UAW Finally Does Something Right

The United Auto Workers (UAW) union has finally done something right. After decades of working hard to destroy the American auto industry and, with the help of the ‘big three’ (Ford, General Motors [G.M.], and Chrysler) leadership, succeeding, the UAW has successfully done something to prevent the massive waste of money.

The UAW’s short-sighted, self-serving strategy has been to inflate employee wages so high that screw tighteners and power window testers are compensated better than most school teachers, software developers, and project managers in real world industries. UAW auto workers are paid significantly higher wages than the well-compensated workers at Honda, Toyota, Subaru, and Nissan factories here in the United States.

But, after digging the ‘big three’s’ hole, the UAW is doing little to dig them out. They are not making salary or benefits concessions, not agreeing to downsize, and generally not agreeing to anything that might help the ‘big three’ to survive. Now, it is the UAW’s hard-headedness (no surprise) that has derailed the ill-advised 14 billion dollar bailout plan where widespread public opposition couldn’t.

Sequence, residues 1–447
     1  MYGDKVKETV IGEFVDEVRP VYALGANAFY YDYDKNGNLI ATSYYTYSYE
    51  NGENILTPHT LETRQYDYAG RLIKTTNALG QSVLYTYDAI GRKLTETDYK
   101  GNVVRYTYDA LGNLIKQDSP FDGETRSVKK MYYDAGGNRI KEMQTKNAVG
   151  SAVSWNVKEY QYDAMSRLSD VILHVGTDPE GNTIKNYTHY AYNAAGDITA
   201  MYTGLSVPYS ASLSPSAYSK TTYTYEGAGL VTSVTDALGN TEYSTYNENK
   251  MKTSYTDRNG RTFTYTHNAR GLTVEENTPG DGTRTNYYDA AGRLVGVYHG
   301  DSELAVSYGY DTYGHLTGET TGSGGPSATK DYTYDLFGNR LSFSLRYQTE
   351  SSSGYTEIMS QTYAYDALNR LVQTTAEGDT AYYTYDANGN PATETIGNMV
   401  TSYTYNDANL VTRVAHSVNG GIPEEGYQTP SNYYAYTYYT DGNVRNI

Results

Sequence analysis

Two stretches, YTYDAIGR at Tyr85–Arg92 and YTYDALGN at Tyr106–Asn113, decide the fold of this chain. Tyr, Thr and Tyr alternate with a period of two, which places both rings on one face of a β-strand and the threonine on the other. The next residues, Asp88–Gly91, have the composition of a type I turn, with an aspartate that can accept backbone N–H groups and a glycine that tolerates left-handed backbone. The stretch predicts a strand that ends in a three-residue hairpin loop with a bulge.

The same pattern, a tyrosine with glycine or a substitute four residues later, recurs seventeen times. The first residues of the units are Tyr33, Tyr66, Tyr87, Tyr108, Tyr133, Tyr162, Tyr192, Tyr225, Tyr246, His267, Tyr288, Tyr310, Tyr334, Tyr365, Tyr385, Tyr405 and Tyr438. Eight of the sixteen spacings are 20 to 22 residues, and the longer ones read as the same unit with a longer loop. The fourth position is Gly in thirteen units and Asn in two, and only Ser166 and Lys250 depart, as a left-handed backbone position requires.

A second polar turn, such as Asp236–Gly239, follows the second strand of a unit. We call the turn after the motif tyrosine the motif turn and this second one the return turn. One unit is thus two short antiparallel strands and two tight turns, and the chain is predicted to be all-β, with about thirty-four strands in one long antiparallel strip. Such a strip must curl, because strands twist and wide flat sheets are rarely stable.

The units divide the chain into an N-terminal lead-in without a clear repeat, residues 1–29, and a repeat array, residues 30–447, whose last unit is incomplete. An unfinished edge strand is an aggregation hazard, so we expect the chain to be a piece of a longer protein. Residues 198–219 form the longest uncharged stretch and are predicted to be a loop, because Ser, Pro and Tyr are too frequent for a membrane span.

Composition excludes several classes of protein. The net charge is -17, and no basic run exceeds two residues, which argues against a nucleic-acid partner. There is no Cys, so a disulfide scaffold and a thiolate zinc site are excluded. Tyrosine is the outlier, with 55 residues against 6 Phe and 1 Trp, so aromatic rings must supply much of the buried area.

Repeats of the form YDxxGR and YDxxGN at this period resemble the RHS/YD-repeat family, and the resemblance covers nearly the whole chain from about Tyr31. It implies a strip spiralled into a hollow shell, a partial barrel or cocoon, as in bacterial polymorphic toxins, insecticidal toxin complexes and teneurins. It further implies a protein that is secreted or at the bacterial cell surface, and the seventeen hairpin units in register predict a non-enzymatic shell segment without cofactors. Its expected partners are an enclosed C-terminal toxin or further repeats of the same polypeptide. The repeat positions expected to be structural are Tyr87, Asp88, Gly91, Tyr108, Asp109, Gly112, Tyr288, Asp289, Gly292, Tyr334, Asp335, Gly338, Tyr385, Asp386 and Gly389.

Union insanity has bankrupted many U.S. companies by demanding wages that are far inflated over a fair wage for the work done. They are the single biggest reason for the ‘big three’ failing. I have no love for the UAW, but for once they have done something helpful. Had they been rational, willing to do anything possible to save their members’ employment, then the Senate would likely have approved another multi-billion dollar boondoggle. For the first time I can remember, I want to thank the UAW: their selfishness finally had a positive impact.

Scott Bradford is a writer and technologist who has been putting his opinions online since 1995. He believes in three inviolable human rights: life, liberty, and property. He is a Catholic Christian who worships the trinitarian God described in the Nicene Creed. Scott is a husband, nerd, pet lover, and AMC/Jeep enthusiast with a B.S. degree in public administration from George Mason University.